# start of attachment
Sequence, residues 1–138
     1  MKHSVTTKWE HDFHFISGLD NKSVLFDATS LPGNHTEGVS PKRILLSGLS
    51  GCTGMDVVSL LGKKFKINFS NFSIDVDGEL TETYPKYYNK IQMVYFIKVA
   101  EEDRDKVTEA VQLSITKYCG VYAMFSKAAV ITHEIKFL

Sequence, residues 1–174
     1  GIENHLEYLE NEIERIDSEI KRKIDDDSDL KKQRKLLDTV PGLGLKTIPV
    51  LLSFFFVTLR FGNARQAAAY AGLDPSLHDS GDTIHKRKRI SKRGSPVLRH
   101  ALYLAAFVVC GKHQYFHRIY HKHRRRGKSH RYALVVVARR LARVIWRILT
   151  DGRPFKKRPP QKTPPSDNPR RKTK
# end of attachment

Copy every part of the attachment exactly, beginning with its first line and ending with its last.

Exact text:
Sequence, residues 1–138
     1  MKHSVTTKWE HDFHFISGLD NKSVLFDATS LPGNHTEGVS PKRILLSGLS
    51  GCTGMDVVSL LGKKFKINFS NFSIDVDGEL TETYPKYYNK IQMVYFIKVA
   101  EEDRDKVTEA VQLSITKYCG VYAMFSKAAV ITHEIKFL

Sequence, residues 1–174
     1  GIENHLEYLE NEIERIDSEI KRKIDDDSDL KKQRKLLDTV PGLGLKTIPV
    51  LLSFFFVTLR FGNARQAAAY AGLDPSLHDS GDTIHKRKRI SKRGSPVLRH
   101  ALYLAAFVVC GKHQYFHRIY HKHRRRGKSH RYALVVVARR LARVIWRILT
   151  DGRPFKKRPP QKTPPSDNPR RKTK